|CASE BASED REVIEW
|Year : 2021 | Volume
| Issue : 3 | Page : 353-358
Levamisole-Induced immune phenomenon and its various clinical manifestations in children: Two case reports along with review of literature
Anu Punnen Kocheril1, T Sathish Kumar1, Dharshini Sathishkumar2
1 Department of Pediatrics, Pediatric Rheumatology, Christian Medical College, Vellore, Tamil Nadu, India
2 Department of Dermatology, Christian Medical College, Vellore, Tamil Nadu, India
|Date of Submission||24-Dec-2020|
|Date of Acceptance||31-Mar-2021|
|Date of Web Publication||21-Sep-2021|
Dr. Anu Punnen Kocheril
Department of Pediatrics, Pediatric Rheumatology, Christian Medical College, Vellore - 632 004, Tamil Nadu
Source of Support: None, Conflict of Interest: None
In literature, levamisole-induced immune manifestations were described mostly in association with its use in treatment of rheumatoid arthritis, malignancies, and recently, in relation to the use of illicit cocaine contaminated with levamisole among adults. Even though levamisole has been proven to be an inexpensive, safer, and effective drug with minimal side effects among children, it is not possible to undermine its potential side effects. The objective of this study was to describe levamisole-induced immune phenomenon and its manifestation in children. We describe two children with levamisole-induced immune phenomenon, leading to limb ischemia resulting in a gangrene and autoamputation of toes in the first child and an isolated microscopic hematuria in the second child along with a thorough review of available knowledge on this rare manifestation in children. Increased awareness of these rare but severe manifestations will remind clinicians to keep a high index of suspicion, its early recognizing, and withdrawal of offending drug before severe morbidity occurs in those children on levamisole.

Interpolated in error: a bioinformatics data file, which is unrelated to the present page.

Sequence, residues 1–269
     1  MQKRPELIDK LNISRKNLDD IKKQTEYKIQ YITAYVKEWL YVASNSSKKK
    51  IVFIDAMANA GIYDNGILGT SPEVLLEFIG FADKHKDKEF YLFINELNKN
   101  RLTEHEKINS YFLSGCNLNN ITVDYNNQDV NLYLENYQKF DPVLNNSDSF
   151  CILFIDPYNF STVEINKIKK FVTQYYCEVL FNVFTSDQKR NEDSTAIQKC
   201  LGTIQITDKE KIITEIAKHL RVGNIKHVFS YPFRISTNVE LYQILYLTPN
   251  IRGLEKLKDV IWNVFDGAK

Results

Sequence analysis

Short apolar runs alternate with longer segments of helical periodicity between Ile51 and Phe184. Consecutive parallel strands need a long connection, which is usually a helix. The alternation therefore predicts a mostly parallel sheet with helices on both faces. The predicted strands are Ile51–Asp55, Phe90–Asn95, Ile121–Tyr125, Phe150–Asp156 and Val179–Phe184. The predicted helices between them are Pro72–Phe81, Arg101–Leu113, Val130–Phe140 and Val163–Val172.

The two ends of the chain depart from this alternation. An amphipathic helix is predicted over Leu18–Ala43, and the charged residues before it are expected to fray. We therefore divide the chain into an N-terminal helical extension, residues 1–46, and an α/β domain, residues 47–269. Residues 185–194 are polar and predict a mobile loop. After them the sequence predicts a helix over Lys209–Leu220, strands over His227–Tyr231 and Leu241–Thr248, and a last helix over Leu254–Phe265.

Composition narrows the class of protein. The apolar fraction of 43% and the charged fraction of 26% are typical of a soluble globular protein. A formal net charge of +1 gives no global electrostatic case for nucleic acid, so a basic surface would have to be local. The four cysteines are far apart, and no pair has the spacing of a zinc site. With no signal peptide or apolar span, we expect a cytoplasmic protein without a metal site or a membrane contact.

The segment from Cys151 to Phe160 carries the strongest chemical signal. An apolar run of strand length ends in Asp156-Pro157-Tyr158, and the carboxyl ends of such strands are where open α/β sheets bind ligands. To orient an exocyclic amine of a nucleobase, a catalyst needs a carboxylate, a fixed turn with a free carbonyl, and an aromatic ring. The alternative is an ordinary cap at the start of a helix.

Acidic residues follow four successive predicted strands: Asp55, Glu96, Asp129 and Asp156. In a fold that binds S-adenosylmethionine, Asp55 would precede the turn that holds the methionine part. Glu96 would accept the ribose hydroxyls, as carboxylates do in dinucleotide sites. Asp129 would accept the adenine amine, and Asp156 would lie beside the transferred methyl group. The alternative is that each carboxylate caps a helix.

Keywords: Antineutrophil cytoplasmic antibody-associated vasculitis, drug-induced vasculitis, levamisole-induced vasculitis, vasculopathy
|How to cite this article:|
Kocheril AP, Kumar T S, Sathishkumar D. Levamisole-Induced immune phenomenon and its various clinical manifestations in children: Two case reports along with review of literature. Indian J Rheumatol 2021;16:353-8